There’s not a corner in Paris where you won’t find something worth visiting: an ancient church, an art gallery, or an atmospheric jazz bar. But even the more obvious attractions are well worth exploring. Here’s our pick.
Originally conceived by Napoleon Bonaparte in 1806 to commemorate his army’s victory at the Battle of Austerlitz, the Arc de Triomphe is the largest triumphal arch in the world and took 30 years to complete. The eternal flame, underneath the sculpted arch and above the Tomb of the Unknown Soldier, has been relit every day at 6.30pm since 11 November 1923. This is the site of the official New Year’s Eve street party in the city, culminating in a spectacular light show at midnight.
The Canal Saint-Martin was dug between 1802 and 1825 and was paid for by funds generated from a tax on wine. Funny, then, that today it should be one of the most popular places in Paris for a liquid picnic. Shops, cafés and bars line the banks of the canal, and on summer days, locals gather on the water’s edge with baguettes, cheese and wine for a relaxed al fresco meal.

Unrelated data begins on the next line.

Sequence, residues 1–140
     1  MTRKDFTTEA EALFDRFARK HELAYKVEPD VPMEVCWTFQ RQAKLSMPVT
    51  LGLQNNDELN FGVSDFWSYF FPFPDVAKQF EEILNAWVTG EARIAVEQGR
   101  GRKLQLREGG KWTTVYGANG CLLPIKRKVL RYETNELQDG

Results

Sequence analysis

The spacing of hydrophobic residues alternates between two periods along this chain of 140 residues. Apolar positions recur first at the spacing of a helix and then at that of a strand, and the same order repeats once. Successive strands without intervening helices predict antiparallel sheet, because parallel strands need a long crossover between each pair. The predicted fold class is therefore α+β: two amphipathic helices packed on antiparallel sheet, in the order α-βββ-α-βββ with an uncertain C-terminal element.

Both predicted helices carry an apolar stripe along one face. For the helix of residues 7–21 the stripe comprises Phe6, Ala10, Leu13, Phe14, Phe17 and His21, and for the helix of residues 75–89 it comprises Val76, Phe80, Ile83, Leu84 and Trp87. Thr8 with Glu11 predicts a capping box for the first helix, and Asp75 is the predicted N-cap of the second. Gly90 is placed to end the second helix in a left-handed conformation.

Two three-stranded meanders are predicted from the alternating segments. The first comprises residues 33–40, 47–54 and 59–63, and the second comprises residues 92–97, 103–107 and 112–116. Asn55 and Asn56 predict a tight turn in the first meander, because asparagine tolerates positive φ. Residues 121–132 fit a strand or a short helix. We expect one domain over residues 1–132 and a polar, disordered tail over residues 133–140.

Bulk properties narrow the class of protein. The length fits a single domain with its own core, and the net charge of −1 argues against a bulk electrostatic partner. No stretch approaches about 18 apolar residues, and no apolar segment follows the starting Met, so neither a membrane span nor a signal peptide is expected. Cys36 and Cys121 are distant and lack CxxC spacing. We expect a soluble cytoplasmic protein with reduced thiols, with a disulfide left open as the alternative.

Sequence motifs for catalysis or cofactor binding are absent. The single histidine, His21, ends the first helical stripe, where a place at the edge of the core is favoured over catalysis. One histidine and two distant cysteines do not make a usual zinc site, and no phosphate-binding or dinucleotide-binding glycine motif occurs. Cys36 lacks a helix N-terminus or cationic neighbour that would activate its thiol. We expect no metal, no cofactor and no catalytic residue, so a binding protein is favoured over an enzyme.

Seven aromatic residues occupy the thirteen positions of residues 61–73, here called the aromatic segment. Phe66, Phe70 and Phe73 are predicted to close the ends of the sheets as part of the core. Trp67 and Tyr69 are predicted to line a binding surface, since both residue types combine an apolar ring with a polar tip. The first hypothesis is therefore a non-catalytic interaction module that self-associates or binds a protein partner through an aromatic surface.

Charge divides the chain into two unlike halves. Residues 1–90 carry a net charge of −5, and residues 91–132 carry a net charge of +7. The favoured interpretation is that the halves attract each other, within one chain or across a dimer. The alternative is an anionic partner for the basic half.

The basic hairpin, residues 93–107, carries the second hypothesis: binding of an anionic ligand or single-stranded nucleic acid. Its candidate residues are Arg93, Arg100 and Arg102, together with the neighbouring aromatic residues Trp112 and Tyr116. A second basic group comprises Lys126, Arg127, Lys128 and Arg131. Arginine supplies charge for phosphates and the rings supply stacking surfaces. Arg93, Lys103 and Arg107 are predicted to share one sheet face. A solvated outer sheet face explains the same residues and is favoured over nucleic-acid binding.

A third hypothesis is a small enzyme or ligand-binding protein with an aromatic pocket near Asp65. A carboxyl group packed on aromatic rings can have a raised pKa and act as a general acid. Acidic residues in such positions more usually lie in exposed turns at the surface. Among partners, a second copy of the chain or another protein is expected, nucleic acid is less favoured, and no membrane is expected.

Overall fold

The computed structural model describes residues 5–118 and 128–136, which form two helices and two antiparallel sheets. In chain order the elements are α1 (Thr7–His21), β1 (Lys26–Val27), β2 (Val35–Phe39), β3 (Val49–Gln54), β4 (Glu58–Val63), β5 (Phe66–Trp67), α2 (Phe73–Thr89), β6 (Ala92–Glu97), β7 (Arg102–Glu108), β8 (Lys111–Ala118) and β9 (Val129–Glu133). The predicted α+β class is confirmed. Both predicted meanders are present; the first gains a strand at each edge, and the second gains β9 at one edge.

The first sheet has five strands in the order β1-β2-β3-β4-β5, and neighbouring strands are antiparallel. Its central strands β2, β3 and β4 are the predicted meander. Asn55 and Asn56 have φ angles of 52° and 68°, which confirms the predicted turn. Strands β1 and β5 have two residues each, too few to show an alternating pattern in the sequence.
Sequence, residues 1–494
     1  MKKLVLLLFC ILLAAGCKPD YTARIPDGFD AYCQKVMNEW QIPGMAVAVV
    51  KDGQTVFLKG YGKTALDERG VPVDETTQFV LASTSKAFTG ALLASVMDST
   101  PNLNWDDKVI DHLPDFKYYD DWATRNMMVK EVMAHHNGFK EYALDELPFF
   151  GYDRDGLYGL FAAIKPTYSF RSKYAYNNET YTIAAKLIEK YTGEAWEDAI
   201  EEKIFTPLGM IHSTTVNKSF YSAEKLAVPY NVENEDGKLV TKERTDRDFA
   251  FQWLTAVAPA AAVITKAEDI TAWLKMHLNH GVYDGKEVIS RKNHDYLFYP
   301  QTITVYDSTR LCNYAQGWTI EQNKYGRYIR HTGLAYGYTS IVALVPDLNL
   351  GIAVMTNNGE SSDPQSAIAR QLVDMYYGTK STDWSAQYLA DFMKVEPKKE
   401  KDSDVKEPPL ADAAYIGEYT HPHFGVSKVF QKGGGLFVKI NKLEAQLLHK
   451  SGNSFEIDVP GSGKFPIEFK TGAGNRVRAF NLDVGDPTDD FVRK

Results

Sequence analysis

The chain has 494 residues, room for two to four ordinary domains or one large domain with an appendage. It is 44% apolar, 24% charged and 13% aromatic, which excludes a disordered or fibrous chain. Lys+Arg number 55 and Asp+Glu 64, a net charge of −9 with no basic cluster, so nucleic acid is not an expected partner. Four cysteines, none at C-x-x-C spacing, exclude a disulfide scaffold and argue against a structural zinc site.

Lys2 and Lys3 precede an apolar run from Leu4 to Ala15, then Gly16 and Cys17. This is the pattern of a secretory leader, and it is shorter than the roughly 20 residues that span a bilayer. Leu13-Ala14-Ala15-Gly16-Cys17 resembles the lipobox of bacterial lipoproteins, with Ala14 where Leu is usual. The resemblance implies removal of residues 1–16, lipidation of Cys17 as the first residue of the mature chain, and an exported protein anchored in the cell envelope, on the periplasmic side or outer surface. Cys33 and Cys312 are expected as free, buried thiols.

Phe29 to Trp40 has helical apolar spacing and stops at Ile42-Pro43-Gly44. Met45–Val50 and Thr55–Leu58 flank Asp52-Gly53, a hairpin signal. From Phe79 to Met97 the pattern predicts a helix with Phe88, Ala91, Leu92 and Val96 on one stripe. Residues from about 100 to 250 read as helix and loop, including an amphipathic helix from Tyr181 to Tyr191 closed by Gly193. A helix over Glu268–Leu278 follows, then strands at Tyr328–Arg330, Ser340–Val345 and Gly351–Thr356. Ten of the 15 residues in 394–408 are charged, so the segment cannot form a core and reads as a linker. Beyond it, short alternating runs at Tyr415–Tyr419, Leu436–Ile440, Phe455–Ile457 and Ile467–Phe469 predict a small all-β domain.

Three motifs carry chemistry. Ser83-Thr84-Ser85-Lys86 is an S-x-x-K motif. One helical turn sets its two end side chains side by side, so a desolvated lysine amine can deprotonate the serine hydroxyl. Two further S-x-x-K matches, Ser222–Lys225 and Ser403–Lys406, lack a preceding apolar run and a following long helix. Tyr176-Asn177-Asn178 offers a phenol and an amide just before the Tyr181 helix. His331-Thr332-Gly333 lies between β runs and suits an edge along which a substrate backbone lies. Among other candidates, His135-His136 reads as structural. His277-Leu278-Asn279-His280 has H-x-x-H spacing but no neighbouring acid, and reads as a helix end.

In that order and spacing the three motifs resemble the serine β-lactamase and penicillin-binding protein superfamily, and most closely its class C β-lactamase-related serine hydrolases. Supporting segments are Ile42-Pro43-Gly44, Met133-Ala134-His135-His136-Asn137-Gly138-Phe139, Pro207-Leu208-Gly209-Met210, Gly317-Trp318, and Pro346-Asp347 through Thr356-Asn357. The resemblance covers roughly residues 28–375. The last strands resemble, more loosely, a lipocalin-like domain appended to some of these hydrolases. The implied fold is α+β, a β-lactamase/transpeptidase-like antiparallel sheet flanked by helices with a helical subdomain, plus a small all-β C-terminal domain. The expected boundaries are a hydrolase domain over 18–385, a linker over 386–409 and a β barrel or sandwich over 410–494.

The Église du Dôme, with its piercing gold spire, is the crowning glory of Les Invalides, a former military hospital and retirement home that was commissioned by Louis XIV in 1670 and finished in 1708. The complex of 15 interconnected courtyards now hosts a military museum, the Musée de l’Armée, as well as the tomb of Napoleon Bonaparte.
Only a few moments away from Trocadéro, in the 16th arrondissement, the Palais de Tokyo is Europe’s largest contemporary art centre. Opening its grand Art Deco doors in 2002, the art centre was established to be a progressive home for contemporary art. The space exhibits an ever-changing rota of temporary art exhibitions that showcase the most exciting and dynamic artistic practices, from performance art to fashion. Describing itself as an “anti-museum”, the space has no permanent collection, the programme instead exploring work from young creative talent.